Adventures in Oregon: Cape Kiwanda
Another recent adventure of ours at the coast included a visit to Cape Kiwanda in Pacific City.
This area is full of sandstone that has been shaped by intense waves, exposing sedimentary layers that read like a geologic coloring book.
The relentless pounding of waves against the sandstone creates some questionable areas where the edge could literally drop off should you be standing on it …. hmmmm… I’ll pass on the near-death experience, thanks!
However, standing a safe distance away still affords a pretty spectacular show of the epic clash of land and sea.
One area we climbed up led us through a teeny tiny little maritime forest- it was so small, I’m not even sure it counts as a forest. More like a sanctuary of vegetation, wind-blown but persistent. To be honest, apart from the few evergreens interspersed throughout, it felt a bit like we had walked through a portal to North Carolina, straight to Caswell Beach.
On this particular hike, we brought the ‘big dogs’ – Sawyer, Sasha & Annie. This was our first attempt hiking with three dogs at one time and I have to say, they impressed me. I’m not sure why I always expect the worst from our dogs. On the whole, they are very good dogs that we’ve worked hard to teach. I can count on one hand the number of times that they have really and truly disappointed me. Nevertheless, I was surprised with how well-behaved they were.
Just off of Cape Kiwanda sits Haystack Rock – well, actually this is one of two Haystack Rocks in Oregon (possibly three, according to several references I’ve read). The other (and more famous) Haystack Rock is in Cannon Beach, and a supposed third Haystack Rock sits somewhere in Curry County.
I stumbled across something rather curious when I was researching Haystack Rock to find out about its origins. Apparently, the one in Cannon Beach (~235 feet tall) is frequently touted as being the third largest monolith in the world or the third largest intertidal monolith in the world. However, the one at Cape Kiwanda is taller, somewhere in the range of 340 feet. An article I came across dug into the history of that claim and essentially came up empty-handed; they could find no basis for why it was touted as being the third largest anything. And yet, if you search for Haystack Rock in Cannon Beach, you will see over and over again that it is described as the third largest monolith. Strange!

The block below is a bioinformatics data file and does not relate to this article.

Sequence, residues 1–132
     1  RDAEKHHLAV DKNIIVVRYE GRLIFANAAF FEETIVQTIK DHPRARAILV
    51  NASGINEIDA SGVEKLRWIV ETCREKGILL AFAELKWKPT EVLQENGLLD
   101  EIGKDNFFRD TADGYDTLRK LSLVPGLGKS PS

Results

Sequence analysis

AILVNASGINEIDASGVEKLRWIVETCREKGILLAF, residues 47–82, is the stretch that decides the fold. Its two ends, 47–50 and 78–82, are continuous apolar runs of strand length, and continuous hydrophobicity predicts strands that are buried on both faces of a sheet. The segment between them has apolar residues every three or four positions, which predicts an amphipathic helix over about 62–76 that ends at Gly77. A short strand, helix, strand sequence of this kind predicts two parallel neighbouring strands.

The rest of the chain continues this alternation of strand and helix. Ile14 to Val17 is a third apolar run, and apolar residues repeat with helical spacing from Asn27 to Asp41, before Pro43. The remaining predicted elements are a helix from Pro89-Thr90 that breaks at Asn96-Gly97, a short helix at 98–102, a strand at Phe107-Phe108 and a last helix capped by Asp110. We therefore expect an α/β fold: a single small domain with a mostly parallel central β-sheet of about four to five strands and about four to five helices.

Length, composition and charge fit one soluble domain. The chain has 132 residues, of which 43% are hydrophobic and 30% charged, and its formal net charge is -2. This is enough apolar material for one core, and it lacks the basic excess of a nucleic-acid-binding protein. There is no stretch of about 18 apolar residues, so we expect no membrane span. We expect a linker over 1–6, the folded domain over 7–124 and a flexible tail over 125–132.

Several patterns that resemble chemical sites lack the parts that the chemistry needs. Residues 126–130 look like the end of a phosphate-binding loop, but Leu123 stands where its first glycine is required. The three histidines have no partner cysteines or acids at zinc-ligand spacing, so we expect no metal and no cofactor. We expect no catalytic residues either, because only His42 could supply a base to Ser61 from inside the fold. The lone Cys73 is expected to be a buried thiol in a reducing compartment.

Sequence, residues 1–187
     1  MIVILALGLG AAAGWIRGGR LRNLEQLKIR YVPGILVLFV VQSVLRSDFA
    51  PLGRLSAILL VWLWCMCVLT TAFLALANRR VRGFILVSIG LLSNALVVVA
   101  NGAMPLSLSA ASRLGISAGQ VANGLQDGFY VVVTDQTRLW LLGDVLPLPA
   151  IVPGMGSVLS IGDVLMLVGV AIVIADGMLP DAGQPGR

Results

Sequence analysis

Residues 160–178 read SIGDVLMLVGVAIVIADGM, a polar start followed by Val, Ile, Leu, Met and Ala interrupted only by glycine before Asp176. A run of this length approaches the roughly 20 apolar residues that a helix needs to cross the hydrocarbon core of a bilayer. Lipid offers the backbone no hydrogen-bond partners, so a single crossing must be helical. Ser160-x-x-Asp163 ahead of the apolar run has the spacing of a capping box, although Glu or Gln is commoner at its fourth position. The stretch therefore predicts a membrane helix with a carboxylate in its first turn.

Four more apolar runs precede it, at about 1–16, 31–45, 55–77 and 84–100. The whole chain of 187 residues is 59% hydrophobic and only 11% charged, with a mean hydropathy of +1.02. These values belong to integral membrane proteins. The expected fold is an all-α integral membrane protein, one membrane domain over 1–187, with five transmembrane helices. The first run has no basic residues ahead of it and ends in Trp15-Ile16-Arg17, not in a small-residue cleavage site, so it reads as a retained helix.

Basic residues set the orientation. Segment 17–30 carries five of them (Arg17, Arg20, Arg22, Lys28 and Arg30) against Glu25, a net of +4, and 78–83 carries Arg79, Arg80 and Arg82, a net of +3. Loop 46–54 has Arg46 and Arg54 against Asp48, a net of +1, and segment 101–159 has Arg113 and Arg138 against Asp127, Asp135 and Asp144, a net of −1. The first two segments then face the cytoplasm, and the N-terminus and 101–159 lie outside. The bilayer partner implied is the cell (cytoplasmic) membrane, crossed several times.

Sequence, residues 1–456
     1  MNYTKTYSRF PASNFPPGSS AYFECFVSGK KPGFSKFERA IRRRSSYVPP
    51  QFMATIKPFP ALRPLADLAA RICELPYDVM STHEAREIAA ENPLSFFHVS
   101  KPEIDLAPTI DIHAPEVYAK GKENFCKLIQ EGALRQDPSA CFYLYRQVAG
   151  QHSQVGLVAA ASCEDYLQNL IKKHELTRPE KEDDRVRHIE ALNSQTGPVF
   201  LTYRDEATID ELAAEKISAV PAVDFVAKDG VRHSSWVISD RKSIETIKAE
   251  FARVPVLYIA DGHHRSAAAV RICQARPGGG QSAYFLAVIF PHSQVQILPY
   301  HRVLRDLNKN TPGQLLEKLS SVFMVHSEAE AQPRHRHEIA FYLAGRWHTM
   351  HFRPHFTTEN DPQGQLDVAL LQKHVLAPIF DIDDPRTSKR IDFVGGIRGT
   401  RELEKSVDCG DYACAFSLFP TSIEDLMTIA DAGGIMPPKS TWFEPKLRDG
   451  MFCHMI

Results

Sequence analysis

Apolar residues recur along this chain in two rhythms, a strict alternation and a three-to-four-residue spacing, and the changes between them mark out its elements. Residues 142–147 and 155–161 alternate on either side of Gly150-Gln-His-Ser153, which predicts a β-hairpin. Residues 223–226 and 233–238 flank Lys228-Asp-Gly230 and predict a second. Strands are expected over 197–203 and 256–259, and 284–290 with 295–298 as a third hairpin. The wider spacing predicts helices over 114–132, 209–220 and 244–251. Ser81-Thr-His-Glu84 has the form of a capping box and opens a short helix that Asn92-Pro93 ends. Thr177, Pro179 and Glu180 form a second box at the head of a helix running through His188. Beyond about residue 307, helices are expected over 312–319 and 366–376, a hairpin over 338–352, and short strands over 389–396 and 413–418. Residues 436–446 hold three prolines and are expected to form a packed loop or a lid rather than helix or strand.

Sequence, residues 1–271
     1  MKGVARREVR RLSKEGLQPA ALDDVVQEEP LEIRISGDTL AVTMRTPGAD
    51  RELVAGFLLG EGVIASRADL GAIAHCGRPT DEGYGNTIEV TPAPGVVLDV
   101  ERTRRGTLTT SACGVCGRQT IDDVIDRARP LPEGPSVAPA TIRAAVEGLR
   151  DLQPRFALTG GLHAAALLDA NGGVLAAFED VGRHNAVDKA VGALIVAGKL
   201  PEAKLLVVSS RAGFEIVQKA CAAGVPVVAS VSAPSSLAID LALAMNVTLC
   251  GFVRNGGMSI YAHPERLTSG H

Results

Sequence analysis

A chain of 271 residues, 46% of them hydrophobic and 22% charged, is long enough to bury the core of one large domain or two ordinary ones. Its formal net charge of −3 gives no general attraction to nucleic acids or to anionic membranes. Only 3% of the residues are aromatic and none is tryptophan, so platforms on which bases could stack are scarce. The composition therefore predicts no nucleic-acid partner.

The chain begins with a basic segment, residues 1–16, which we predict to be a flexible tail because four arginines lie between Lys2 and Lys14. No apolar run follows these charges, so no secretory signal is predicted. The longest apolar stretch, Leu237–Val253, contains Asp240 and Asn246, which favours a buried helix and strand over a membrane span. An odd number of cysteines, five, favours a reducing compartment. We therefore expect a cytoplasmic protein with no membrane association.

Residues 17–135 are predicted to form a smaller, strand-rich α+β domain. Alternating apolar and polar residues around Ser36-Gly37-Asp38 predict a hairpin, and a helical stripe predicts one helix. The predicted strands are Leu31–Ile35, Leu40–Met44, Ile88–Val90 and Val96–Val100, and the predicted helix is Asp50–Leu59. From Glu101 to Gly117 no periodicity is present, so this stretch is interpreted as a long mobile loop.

But back to the Haystack Rock in Cape Kiwanda. It is considered a sea stack and is believed to have come from the same lava flow that carved out the Columbia Gorge. Owing to its sturdy basalt composition, it has acted almost like a guardian for the sandstone landscape of Cape Kiwanda, effectively taking the brunt of the forceful wave action pounding the coastline. However, waves of incredible might still roar up along the rocks and it was pretty mesmerizing to watch.
Sawyer found it quite interesting, too.
Looking toward the south, we had a great view of the coastline stretching away, and with such beautiful weather, the beach had quite a few visitors.
The dogs were such good sports, waiting patiently while I took pictures and we oohed and aahed at the tremendous waves. Of course, I had to snap their pictures, too.
Sweet Sasha did her best to be teacher’s pet while Annie was more of the ‘just get this picture over with’ mindset (she takes after me, I guess).
And Sawyer, of course, did his usual eye-blink-at-the-last-second pose.
Even though none of the dogs are looking toward the camera in the photo below, this has to be one of my favorites ever because of the way Sasha is looking at me. In reality, she is probably looking at me, hoping for the slightest indication that we can get up and continue our hike …. but I prefer to think that it’s a look that says ‘I love you.’
Next up, we continue on to Cape Lookout, so be sure to check back for the next installment!
Other posts in the series: